Out with the old, in with the new: this familiar adage can well apply to what happened to so-called Old Roman chant when the Babylonian Captivity of the Papacy got underway in 1305; the seat of the Holy Roman Empire moved from Rome to Avignon for a period of 72 years. During this time, a reform in clerical singing that had been making its leisurely way over a period of two centuries was ramped up in intensity; the Gregorian style of chant singing -- which stressed uniformity and was a hybrid of Roman and Gallic traditions -- was used to replace a number of practices perceived as errant and anti-ecumenical. Ironically, one tradition so displaced was that of the Church of Rome itself, though some churches -- mostly in south of what is now modern Italy --simply refused to throw out the chant books they had already used for centuries. Four such volumes have come down to posterity, and the earliest of these, dated to 1071 (CH-CObodmer C74, now in Geneva) provides the repertoire for Zig Zag Territoires' Chant de L'Eglise de Rome, VIe -XIIIe Siècles, featuring the formidable talents of Ensemble Organum under Marcel Pérès.
Ensemble Organum has visited this territory before, famously with one of its first recordings, also titled Chant de L'Eglise de Rome, for Harmonia Mundi in 1985. Whereas that disc was a selection of individual pieces from the Old Roman chant repertoire, this one contains material all related to vespers; three mass propers and -- surprise! -- fragments of the mass ordinary, something not thought to have survived in Old Roman chant. The importance of the propers and special sequences devoted to local saints in certain churches was the main reason any of this repertory was saved at all. Nevertheless, the Messe du jour is fragmentary indeed, consisting of a Kyrie and Alleluia only and filled out with an introit, the gradual Viderunt Omnes, and the opening of the Gospel of St. John delivered by Lycorgos Angelopoulos as a long solo piece.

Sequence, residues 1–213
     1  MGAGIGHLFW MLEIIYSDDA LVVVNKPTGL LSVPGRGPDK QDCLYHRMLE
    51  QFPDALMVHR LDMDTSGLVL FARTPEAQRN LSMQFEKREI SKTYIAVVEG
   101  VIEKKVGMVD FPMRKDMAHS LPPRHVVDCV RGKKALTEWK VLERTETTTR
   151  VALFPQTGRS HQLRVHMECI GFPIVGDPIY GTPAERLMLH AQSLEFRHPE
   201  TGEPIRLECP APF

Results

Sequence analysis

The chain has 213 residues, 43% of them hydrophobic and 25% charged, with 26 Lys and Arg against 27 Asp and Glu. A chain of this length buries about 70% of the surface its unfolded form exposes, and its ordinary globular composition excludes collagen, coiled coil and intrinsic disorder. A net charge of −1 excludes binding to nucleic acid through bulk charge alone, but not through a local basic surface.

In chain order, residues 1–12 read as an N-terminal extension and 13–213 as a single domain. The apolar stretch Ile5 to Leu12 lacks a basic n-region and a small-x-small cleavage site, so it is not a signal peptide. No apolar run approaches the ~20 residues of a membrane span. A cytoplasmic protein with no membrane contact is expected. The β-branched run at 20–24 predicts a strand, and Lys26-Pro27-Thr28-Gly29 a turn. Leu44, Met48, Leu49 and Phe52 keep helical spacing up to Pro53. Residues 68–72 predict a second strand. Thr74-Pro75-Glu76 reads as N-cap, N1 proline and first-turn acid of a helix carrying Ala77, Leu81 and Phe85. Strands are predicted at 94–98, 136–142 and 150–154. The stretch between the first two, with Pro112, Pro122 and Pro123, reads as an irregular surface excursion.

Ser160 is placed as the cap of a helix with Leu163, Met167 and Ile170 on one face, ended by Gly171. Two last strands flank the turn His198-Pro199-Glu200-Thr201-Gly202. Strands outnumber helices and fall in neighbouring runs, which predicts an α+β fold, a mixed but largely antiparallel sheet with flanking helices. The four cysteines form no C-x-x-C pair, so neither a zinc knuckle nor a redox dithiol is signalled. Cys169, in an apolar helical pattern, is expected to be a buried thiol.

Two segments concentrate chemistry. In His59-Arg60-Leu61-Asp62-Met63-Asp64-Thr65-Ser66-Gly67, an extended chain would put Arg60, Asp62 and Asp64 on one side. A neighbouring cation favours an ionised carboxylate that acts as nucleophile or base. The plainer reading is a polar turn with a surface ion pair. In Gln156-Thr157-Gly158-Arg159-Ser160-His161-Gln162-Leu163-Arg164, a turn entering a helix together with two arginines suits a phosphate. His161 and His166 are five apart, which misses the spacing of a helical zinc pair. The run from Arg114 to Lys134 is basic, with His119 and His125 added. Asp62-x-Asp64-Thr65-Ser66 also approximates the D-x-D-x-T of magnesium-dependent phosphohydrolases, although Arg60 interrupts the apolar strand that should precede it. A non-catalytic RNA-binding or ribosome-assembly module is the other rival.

However, as a whole, Zig Zag Territoires' Chant de L'Eglise de Rome, VIe -XIIIe Siècles is magnificent and miles ahead of its predecessor in terms of Ensemble Organum's grasp of the material and the overall ensemble dynamics, which have been refined like a ground glass lens in the 24-year interregnum between this release and the previous one. While in Gregorian chant, ornamentation is only indicated -- and not always even used -- Old Roman chant notation is quite specific on the subject. The result sounds vaguely Arabic, and the presence of specific ornaments in Old Roman chant adds credibility to the notion that such singing was the common heritage of Western, Middle Eastern, Greek Orthodox, and Coptic rites in the Middle Ages; surviving in all traditions save the first. It moreover has a darker and more "gothic" sound than Gregorian chant and Ensemble Organum does a great job of dressing it up, adding drones, assigning solo passages to singers well suited for them, and even throwing in a snatch of polyphony here and there. To some ears, it's terrific, but it's not for everybody, and there is the need to qualify; after all, this is a whole disc of chant, not Wagner, and while it is highly melodic, it is also static music. Nevertheless, for Old Roman chant -- some of the oldest music we can still hear -- this is as good as it gets.